The Sector Skills Council for Science, Engineering and Manufacturing Technologies (Semta) feels it must respond to the article "The class of 2020?" ( November) and its view that higher education can produce either skills or intellect, and that in just over a decade the university may become nothing more than a careers training camp.
In our fast-changing sector, there is an undeniable need for higher-level qualifications and skills. When it comes to recruiting people with science, technology, engineering and maths (STEM) skills, 58 per cent of employers report difficulty. But by 2014, it is predicted that 775,000 new roles will require high-level STEM skills. So employers need universities. Our national prosperity relies on it.
The challenge for sector skills councils is to bring more employers, particularly small and medium-size enterprises, together with higher education. The key point is that business and universities need each other, and those needs have long been best served by increasing understanding and working together.
Semta's aim is not to force radical change but rather to engage the power of university in return for future funding as more young people choose higher education. We also articulate our employers' requirements to help universities understand the needs of their customers, especially among hard-to-reach small and medium-size businesses.
Employers are concerned that UK higher education may not be able to sustain adequate funding to remain world class. Each year, companies shell out £39 billion on workforce training, of which just £480 million is spent with universities. We see no reason why universities need to abandon their missions or lose academic freedom if they support workforce development and can use this additional funding to strengthen their institutions and accelerate their missions.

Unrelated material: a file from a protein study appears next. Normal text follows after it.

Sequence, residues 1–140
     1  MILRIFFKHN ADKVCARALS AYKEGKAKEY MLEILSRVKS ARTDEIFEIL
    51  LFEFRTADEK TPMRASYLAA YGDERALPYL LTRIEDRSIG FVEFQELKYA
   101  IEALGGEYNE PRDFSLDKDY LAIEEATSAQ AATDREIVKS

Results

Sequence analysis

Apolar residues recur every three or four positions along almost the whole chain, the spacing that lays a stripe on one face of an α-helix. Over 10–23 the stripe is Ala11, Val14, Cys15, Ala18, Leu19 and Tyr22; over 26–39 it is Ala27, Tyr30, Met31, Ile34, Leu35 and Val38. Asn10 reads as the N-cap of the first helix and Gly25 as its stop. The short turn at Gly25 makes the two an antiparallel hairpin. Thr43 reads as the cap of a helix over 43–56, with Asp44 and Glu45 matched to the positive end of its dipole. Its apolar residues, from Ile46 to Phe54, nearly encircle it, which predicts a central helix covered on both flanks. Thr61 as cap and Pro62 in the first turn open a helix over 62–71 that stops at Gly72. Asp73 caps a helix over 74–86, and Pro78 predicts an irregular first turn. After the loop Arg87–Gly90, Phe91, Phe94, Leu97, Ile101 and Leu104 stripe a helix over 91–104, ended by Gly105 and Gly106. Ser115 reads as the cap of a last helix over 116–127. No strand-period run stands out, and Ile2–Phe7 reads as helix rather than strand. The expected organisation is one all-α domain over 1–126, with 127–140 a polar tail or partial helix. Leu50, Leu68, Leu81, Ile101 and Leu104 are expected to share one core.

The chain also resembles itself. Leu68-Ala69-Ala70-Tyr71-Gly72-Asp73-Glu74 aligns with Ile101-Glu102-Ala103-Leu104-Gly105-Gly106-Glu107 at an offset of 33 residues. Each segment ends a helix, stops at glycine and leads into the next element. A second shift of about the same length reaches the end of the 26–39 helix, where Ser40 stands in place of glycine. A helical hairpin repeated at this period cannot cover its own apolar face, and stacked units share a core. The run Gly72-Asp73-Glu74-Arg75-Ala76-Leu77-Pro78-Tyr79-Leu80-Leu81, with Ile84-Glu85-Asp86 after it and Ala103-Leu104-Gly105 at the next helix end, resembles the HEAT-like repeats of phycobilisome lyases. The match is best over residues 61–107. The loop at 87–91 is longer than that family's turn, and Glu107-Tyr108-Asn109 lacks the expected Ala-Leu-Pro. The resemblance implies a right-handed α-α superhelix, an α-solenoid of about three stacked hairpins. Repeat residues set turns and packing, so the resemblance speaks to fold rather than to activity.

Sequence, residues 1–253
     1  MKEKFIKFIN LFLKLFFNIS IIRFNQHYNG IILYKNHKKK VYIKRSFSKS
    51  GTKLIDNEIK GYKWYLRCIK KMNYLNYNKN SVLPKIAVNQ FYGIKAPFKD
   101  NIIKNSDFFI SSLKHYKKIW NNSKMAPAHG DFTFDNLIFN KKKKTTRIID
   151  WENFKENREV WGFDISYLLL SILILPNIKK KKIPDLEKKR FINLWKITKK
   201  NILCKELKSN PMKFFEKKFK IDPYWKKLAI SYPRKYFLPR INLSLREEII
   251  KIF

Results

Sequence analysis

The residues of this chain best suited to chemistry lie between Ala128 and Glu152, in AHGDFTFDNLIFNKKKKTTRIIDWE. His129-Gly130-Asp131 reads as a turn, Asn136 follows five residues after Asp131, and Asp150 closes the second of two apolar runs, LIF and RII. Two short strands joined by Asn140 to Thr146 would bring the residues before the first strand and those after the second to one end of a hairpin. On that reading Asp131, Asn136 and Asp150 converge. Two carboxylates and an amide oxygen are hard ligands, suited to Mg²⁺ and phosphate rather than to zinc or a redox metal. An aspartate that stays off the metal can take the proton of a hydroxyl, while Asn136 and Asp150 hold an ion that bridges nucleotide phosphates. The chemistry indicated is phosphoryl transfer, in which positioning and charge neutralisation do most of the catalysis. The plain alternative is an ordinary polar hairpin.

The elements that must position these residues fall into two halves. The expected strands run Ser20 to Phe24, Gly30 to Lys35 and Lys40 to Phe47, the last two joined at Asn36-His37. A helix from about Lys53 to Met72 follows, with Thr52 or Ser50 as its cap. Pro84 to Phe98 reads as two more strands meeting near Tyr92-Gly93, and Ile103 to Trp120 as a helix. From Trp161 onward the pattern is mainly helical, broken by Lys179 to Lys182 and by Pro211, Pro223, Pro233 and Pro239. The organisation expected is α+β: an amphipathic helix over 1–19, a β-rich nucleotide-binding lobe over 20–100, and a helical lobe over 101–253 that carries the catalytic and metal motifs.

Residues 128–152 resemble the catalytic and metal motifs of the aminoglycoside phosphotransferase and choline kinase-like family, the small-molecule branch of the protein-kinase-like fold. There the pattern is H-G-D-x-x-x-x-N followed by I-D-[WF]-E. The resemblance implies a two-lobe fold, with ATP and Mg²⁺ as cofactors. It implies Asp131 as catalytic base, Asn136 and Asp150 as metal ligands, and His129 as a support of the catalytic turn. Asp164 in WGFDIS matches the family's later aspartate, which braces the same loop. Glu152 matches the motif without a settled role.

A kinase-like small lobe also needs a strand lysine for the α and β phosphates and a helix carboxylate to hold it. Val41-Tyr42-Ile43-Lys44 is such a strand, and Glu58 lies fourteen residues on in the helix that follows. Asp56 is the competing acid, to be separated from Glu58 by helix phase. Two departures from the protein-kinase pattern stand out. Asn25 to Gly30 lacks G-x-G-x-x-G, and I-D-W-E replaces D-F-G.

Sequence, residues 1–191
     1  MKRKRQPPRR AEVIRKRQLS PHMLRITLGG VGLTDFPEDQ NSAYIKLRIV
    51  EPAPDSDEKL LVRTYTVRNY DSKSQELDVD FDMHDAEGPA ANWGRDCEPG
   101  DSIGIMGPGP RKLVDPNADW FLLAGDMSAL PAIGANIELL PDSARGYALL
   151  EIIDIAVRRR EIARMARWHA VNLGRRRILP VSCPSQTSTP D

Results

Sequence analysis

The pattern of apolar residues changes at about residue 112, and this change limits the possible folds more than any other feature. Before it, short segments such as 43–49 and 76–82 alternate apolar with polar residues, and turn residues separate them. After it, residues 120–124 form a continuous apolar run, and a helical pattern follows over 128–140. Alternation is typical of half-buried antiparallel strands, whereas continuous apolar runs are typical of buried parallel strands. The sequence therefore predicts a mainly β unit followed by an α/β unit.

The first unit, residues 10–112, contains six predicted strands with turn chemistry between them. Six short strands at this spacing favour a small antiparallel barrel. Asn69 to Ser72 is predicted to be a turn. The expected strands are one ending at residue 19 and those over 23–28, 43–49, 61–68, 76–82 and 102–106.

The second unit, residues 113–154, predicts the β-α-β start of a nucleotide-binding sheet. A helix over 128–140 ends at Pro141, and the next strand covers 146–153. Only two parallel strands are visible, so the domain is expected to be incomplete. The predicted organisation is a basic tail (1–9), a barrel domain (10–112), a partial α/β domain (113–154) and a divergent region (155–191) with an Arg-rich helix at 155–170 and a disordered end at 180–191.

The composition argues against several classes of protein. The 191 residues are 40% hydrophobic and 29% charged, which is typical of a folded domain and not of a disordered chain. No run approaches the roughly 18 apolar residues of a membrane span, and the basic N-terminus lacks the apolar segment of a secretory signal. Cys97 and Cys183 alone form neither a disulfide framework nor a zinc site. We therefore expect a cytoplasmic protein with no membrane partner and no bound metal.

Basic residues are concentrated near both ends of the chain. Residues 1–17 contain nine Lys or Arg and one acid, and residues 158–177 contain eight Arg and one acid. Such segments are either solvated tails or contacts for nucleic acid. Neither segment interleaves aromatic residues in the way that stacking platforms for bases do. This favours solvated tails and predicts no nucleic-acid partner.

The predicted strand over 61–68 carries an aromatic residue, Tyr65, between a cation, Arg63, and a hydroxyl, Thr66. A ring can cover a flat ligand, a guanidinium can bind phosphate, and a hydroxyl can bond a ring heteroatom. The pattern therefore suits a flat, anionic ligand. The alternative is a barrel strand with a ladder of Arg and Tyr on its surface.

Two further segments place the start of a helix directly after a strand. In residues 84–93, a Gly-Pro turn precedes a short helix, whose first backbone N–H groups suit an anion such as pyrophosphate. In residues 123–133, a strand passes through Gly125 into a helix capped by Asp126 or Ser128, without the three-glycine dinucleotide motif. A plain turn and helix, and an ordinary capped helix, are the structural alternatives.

We see the graduate employability skills issue being solved not by diluting or changing higher education curriculum without good reason, but rather by more companies offering well-managed work placements integrated into degree courses and research programmes, as well as with graduates really understanding and appreciating the advantages of gaining business skills via work placements and being able to financially afford the activity.
Walk through any university STEM department and see company-sponsored projects that are not new activities driven by the Leitch agenda or government policy but are instead established practice with the university sharing its intellectual capability to solve problems and push forward the boundaries of science and technology.
Giving business a say in higher education is not a threat. Business and higher education have been successfully working together these past hundred years - long may they continue.
Philip Whiteman, Chief executive, Sector Skills Council for Science Engineering and Manufacturing Technologies.